– So what went wrong? The answer here is obvious: lots of things.
– I’m not really going to leave it at that. Vancouver was afflicted on Thursday with careless turnovers (Keith Ballard channeling Bill Buckner on Dallas’ third goal especially), boneheaded defensive coverage (Barker on the Eakins game winner) and a third-line that was completely crushed by the Stars. Also, Kari Lehtonen outplayed Cory Schneider but that’s a secondary reason for why Thursday’s game went sideways so quickly for Vancouver’s club…
– But let’s dwell on Cory Schneider’s performance before we move on. In five games on the team’s now concluded roadtrip, Cory Schneider was blown up twice in three starts (against Colorado and Dallas). Then again, he was masterful in his other start against the St. Louis Blues on Tuesday. Schneider has been on a ridiculous run over the past month and a bit, so it was inevitable that he’d run into a couple of tough outings eventually. You can’t deny regression forever, and for the most part it’s come in the form of insane giveaways from his defenseman. Tough to blame Cory Schneider for, say, Landeskog’s goal in Colorado, or pretty much any of the goals he surrendered tonight with the exception of the Eakins game winner.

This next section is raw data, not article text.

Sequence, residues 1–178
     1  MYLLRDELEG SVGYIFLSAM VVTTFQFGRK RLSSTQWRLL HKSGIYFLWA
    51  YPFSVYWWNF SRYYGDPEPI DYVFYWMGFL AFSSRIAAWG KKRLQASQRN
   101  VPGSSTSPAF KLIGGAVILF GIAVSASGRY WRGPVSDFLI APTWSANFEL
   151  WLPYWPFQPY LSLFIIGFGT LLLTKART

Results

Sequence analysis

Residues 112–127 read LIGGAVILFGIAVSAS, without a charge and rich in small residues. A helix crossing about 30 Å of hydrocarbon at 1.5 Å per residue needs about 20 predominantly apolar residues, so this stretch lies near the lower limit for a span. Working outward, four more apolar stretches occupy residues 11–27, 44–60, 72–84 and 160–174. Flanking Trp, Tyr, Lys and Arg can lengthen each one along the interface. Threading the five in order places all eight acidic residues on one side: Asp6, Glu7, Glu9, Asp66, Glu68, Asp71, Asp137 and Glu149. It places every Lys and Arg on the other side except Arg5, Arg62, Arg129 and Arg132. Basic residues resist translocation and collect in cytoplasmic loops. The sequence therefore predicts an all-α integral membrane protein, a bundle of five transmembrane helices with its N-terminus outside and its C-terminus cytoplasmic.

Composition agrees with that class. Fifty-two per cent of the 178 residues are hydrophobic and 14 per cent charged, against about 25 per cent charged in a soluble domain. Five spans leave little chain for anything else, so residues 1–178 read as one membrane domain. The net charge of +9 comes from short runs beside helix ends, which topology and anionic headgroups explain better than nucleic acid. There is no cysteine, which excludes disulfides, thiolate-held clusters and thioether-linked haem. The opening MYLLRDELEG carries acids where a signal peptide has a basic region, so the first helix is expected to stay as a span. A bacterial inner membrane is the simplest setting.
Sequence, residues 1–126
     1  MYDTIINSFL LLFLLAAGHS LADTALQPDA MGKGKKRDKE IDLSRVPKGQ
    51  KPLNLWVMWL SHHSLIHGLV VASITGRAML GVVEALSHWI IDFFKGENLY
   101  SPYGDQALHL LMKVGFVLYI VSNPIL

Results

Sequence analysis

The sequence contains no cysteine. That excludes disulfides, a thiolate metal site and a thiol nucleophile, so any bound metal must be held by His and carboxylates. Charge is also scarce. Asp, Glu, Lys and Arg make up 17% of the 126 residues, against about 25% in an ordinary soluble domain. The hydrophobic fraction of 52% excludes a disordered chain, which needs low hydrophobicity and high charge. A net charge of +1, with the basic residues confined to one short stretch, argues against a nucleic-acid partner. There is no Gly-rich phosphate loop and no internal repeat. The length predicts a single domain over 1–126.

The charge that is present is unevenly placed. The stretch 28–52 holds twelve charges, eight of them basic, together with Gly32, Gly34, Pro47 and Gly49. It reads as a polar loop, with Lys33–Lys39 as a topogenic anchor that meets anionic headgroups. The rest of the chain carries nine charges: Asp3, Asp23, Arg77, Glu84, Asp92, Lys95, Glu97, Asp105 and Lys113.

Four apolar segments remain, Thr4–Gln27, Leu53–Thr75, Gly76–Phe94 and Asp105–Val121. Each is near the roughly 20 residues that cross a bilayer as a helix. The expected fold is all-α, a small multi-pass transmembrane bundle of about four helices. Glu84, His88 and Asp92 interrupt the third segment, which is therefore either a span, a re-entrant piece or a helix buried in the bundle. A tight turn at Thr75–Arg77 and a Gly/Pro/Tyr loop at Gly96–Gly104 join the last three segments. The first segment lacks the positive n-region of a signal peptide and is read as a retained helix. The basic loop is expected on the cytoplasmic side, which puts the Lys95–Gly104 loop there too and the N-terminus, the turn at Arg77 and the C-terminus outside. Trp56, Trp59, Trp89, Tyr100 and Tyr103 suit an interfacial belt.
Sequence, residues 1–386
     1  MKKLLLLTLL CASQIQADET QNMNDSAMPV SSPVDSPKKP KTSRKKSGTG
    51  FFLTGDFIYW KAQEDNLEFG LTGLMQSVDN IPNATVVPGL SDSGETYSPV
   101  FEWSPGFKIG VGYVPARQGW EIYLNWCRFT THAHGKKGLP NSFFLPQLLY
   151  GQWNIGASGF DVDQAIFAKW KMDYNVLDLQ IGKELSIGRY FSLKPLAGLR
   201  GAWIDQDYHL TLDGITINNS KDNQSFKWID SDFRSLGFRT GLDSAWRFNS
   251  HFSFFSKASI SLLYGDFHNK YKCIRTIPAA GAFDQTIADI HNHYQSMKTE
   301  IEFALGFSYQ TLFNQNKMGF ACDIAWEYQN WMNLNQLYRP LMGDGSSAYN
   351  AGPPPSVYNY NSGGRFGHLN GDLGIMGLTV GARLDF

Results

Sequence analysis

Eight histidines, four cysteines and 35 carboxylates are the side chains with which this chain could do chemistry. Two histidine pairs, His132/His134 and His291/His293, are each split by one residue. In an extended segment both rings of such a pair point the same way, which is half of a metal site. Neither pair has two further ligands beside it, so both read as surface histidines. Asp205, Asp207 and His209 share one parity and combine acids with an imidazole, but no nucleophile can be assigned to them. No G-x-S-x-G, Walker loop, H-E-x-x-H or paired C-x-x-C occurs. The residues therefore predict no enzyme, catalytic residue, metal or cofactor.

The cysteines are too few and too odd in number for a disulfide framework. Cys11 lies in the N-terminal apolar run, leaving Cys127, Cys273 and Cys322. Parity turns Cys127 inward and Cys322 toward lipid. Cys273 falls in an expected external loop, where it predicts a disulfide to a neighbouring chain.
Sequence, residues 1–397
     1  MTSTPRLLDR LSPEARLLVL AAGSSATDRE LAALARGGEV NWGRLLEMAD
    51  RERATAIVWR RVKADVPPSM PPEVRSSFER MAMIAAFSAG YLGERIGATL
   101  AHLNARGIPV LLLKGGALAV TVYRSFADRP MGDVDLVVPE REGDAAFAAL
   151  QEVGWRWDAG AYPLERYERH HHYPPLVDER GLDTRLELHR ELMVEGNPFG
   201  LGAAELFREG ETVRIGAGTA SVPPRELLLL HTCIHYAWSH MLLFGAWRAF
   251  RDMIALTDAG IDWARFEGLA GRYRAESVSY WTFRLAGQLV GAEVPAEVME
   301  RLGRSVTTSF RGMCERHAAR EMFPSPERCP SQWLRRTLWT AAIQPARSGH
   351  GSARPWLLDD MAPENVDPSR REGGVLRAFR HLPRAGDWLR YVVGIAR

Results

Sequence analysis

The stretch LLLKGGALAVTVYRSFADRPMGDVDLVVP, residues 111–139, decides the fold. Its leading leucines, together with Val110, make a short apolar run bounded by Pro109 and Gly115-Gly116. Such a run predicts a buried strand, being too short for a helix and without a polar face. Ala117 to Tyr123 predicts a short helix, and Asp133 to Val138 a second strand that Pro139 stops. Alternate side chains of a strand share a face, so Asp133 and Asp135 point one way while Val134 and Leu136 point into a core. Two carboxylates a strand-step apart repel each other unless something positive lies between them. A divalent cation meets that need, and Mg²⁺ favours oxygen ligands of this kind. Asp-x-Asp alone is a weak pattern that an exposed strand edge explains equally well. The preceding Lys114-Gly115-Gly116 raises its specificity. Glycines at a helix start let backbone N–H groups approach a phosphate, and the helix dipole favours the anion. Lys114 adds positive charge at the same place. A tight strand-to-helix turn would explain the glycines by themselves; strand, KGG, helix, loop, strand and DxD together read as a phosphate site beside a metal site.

– Still, Schneider wasn’t particularly good in this one, and I’d wager he’s unhappy with his own performance. On the one hand he stopped all 17 outside shots he faced, on the other, he stopped only 8 of 13 difficult shots (for a .615 save percentage on difficult shots). The fact is, that’s not good enough to get it done on most nights.